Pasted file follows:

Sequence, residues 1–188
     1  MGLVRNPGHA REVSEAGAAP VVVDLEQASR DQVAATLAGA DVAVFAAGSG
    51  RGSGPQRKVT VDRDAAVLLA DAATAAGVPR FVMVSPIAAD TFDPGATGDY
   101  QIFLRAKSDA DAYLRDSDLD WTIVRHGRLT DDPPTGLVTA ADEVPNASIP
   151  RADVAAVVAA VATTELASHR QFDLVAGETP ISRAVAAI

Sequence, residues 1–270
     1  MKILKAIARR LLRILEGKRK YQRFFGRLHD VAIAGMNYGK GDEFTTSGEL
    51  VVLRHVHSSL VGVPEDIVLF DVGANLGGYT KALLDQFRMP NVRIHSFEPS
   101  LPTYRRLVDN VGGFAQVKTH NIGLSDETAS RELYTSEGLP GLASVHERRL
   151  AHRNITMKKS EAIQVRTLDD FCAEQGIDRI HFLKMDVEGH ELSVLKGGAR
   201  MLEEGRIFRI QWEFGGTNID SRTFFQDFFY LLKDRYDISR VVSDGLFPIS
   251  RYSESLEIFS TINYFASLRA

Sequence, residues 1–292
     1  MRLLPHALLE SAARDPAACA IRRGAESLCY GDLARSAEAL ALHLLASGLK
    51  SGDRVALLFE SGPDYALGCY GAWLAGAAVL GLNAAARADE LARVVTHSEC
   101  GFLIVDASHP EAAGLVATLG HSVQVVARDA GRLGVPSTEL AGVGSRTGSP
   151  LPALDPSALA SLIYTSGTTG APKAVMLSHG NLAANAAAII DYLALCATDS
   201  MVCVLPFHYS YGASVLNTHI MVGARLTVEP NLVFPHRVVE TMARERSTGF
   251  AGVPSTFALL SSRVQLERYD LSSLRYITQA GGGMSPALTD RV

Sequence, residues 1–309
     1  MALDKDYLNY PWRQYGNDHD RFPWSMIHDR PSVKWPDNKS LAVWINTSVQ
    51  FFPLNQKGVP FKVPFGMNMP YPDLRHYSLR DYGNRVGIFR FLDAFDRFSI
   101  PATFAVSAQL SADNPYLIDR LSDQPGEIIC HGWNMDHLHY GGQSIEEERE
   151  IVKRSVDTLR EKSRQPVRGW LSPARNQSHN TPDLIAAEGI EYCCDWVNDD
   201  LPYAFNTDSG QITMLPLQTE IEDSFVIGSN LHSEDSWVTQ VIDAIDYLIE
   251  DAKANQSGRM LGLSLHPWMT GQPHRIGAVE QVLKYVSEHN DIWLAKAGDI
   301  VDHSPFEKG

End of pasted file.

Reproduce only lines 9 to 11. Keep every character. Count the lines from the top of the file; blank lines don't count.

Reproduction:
   101  LPTYRRLVDN VGGFAQVKTH NIGLSDETAS RELYTSEGLP GLASVHERRL
   151  AHRNITMKKS EAIQVRTLDD FCAEQGIDRI HFLKMDVEGH ELSVLKGGAR
   201  MLEEGRIFRI QWEFGGTNID SRTFFQDFFY LLKDRYDISR VVSDGLFPIS